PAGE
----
At baseline, the mean level of cortisol found in the patients’ urine was 243.3 μg/24 hours, which was nearly five times that of the normal upper limit.

From the 77 patients who received maintenance therapy with Recorlev, 61 completed the entire six-month maintenance phase of SONICS.

Key findings from the trial showed that:

  • SONICS met its primary outcome, with 31% of the patients initially enrolled in the trial achieving normalization of their urine cortisol levels by the end of the maintenance phase, without requiring any dose increment of Recorlev.
  • From the 77 patients who participated in the maintenance phase, 62 (81%) achieved normalization of their urine cortisol levels by the end of the initial dose-escalation phase.
  • During the maintenance phase, 36% of the patients initially enrolled in SONICS achieved normalization of their urine cortisol levels, and 46% saw their urine cortisol levels drop by 50% or more, regardless of whether they required dose increments.
  • Several biomarkers of heart disease, including fasting glucose and LDL-cholesterol, all showed clinically meaningful improvements from baseline until the end of the maintenance phase.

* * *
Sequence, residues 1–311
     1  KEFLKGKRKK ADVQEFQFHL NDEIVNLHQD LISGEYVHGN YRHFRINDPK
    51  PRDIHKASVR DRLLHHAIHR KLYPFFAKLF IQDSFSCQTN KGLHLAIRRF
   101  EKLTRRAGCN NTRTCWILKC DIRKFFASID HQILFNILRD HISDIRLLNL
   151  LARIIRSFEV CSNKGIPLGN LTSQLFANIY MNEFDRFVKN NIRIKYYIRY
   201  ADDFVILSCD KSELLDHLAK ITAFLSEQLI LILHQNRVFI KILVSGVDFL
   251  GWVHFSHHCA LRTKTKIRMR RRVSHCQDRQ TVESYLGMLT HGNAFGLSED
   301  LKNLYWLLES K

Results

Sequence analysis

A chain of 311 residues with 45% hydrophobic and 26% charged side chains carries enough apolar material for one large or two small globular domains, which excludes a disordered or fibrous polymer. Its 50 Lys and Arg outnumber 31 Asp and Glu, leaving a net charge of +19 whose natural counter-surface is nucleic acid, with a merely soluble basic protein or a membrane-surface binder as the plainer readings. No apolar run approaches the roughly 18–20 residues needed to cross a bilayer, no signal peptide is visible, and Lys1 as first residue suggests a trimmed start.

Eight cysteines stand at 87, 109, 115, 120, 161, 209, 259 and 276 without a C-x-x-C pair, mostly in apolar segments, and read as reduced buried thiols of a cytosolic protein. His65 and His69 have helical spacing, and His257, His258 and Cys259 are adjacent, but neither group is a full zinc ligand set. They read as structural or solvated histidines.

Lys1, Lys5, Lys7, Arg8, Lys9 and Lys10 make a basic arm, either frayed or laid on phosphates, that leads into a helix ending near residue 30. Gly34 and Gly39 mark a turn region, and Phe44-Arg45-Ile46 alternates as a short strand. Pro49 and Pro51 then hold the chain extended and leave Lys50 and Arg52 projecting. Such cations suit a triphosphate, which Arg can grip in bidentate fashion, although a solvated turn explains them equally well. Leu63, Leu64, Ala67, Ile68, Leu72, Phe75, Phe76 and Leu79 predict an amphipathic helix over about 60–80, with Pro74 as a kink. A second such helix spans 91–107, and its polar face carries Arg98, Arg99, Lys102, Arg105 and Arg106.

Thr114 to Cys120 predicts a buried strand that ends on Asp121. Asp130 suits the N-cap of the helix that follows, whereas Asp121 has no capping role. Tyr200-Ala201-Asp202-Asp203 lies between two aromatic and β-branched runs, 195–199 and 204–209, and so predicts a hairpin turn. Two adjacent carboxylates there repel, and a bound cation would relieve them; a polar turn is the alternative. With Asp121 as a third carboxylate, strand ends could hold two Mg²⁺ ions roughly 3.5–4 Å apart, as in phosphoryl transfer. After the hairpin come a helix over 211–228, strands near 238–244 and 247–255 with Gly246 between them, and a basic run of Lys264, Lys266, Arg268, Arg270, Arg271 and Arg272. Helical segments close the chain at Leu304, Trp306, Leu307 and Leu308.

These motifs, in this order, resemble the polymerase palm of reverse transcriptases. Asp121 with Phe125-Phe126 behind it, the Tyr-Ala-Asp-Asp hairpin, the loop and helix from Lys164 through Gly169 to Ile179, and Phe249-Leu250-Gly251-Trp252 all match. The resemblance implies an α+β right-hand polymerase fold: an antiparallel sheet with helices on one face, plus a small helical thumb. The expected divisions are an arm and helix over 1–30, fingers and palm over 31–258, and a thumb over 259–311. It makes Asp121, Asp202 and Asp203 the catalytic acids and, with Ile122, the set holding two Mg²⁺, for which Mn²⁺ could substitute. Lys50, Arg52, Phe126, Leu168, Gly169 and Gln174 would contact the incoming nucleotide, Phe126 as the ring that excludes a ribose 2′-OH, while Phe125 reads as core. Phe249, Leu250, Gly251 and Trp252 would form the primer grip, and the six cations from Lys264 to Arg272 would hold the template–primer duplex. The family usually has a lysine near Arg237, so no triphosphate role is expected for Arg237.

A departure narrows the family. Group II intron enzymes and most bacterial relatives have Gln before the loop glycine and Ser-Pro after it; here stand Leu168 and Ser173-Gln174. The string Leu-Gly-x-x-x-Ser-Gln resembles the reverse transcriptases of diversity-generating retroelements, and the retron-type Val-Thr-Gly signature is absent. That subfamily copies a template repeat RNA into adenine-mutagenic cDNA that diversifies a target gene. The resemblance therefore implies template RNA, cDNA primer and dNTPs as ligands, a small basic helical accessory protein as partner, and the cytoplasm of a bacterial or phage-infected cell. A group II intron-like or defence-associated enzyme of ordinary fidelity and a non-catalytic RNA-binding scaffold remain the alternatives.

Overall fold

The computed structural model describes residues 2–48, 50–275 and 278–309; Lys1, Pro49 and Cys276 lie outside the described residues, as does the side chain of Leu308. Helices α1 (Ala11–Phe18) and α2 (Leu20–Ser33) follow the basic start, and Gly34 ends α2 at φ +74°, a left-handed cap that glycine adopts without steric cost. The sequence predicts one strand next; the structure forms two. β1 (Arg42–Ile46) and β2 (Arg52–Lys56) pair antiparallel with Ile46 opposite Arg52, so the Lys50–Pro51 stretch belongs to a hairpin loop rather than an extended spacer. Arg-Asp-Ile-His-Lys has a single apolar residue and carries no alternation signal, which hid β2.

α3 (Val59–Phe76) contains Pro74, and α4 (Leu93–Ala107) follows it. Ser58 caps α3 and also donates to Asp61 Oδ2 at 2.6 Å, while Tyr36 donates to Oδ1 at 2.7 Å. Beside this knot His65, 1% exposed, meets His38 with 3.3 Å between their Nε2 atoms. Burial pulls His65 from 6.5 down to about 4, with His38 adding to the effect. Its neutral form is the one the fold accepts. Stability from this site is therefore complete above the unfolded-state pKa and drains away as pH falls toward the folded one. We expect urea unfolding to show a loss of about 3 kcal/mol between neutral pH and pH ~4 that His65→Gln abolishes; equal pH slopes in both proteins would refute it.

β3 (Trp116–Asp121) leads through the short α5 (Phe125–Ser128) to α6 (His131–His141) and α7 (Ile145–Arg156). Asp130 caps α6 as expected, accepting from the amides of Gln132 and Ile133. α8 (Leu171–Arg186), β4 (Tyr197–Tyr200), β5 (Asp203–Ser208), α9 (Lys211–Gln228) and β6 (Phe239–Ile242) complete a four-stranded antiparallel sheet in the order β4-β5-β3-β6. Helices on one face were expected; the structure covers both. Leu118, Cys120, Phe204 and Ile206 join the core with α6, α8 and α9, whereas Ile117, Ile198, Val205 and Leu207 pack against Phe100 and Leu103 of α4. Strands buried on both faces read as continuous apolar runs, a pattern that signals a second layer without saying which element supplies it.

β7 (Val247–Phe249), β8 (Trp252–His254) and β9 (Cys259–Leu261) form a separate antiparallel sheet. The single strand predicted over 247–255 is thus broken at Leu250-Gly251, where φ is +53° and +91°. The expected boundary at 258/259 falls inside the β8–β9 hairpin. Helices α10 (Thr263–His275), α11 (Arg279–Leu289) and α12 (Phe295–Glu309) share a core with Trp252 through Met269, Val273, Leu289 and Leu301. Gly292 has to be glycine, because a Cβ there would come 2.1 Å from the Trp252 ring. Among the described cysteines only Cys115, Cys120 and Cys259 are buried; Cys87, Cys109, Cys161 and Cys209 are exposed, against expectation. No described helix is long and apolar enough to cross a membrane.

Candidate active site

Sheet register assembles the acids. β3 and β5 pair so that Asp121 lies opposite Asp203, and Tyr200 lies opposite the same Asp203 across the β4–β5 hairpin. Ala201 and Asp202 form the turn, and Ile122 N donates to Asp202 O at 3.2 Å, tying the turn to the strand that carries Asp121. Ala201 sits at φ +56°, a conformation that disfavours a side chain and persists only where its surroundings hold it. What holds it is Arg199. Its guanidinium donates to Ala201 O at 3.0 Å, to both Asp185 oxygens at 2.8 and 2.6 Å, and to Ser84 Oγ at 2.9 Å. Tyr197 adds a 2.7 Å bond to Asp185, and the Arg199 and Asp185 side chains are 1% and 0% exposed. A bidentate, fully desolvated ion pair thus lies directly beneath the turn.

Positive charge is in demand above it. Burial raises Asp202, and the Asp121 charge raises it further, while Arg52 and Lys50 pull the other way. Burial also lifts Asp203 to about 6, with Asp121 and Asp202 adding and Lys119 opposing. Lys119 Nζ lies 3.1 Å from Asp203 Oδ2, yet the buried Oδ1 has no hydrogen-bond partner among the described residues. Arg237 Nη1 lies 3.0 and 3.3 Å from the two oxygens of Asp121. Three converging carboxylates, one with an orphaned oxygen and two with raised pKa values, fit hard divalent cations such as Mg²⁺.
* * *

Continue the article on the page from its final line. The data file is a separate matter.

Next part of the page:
• Recorlev was generally safe and well-tolerated by patients during both phases of SONICS; no sudden or unexpected safety concerns were reported during the trial.
  • The most common adverse events observed during the trial included nausea (32%) and headaches (28%).
  • Adverse events that required patients to discontinue treatment were reported in 12 participants of the 94 initially enrolled (13%).
  • Four patients experienced serious adverse events that were likely associated with Recorlev. One of the patients died from colon cancer, which was found to be unrelated to Recorlev treatment.

“Importantly, treatment with Recorlev was shown to be effective for reducing and normalizing mUFC [mean urinary free cortisol] concentrations and biomarkers of cardiovascular [heart disease] risk, as well as improving clinical signs and quality of life in patients with endogenous Cushing’s syndrome,” Maria Fleseriu, MD, FACE, professor of medicine and neurological surgery, and director of the Oregon Health Sciences University Northwest Pituitary Center and principal investigator of the study, said in a news release.